When B cells develop into abnormal plasma cells (myeloma cells), they make large amounts of one type of immunoglobulin (called a monoclonal immunoglobulin) and release it into the blood. This monoclonal immunoglobulin is also called an M-protein or paraprotein. An M-protein can be measured in the blood and urine. If a lab test finds an M-protein, there is a problem with the plasma cells.
Sometimes the myeloma cells don’t make whole immunoglobulins and only release the light chains into the blood. These light chains aren’t attached to heavy chains (called free light chains). When free light chains are found in the urine, they are also called Bence-Jones proteins.
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Bones are the structures that make up most of the skeleton. Bone is either hard and dense (called compact bone) or arranged like a honeycomb (called spongy bone). Bone marrow is the soft, spongy substance in the centre of a bone where blood cells are made. In adults, the bone marrow that makes most blood cells (called active bone marrow) is found in the pelvic and shoulder bones, spine (vertebrae), ribs, breastbone (sternum) and skull. Plasmacytomas usually develop in these areas where bone marrow is active.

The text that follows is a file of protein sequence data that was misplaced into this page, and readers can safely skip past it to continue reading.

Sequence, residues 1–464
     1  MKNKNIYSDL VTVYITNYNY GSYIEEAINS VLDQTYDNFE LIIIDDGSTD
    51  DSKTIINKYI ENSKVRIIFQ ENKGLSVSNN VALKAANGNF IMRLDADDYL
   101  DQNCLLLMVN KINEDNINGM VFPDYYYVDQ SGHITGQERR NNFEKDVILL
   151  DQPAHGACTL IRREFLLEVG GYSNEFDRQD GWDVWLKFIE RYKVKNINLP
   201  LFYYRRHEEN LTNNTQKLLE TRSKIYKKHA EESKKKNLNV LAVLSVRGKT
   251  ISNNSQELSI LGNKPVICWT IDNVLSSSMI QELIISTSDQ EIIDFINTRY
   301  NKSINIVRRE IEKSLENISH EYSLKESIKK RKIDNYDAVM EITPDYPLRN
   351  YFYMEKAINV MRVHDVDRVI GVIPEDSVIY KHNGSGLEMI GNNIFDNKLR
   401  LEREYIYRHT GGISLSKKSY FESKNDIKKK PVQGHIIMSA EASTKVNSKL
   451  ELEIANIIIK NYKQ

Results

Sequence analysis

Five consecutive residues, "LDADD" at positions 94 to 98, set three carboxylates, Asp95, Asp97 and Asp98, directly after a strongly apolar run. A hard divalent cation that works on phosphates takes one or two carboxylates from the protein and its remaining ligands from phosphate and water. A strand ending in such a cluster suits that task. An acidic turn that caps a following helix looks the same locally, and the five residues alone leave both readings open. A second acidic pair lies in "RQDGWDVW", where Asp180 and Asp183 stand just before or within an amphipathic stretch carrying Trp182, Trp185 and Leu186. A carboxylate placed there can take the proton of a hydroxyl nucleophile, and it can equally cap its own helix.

There are 2 main types of bone cells that work together to break down old or damaged bone and build new bone.
Osteoblasts make bone.
Osteoclasts break down and remodel bone as bones grow or if there is stress on the skeleton. Osteoclasts also help to control blood calcium levels as they release calcium into the blood as bone is broken down.
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When osteoclasts work faster than osteoblasts, bone becomes weak. When osteoblasts work faster than osteoclasts, bone gets bigger and stronger. In normal adult bone, the activity of osteoblasts and osteoclasts is balanced so your bones don’t weaken or keep getting bigger.
In multiple myeloma, myeloma cells stop osteoblasts from making new bone. Myeloma cells also make osteoclasts work harder to break down bone, so bone gets weaker. Osteoclasts also make chemicals called cytokines that stimulate myeloma cells to grow and divide.
The combination of myeloma cells collecting in the bone marrow and osteoclasts breaking down bone causes it to become weak and thin. Areas of bone weakness can be seen on an x-ray as thin, dark lines called fractures or dark circular spots called osteolytic lesions. Osteolytic lesions may mean that there is a plasmacytoma or other disease of the bone. Weakened bone may break under normal stresses like walking, lifting and coughing. Thinning of the bone can also lead to osteoporosis.
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National Cancer Institute. Plasma Cell Neoplasms (Including Multiple Myeloma) Treatment PDQ®: Patient Version. National Cancer Institute; 2015: http://www.cancer.gov/cancertopics/pdq/treatment/myeloma/Patient.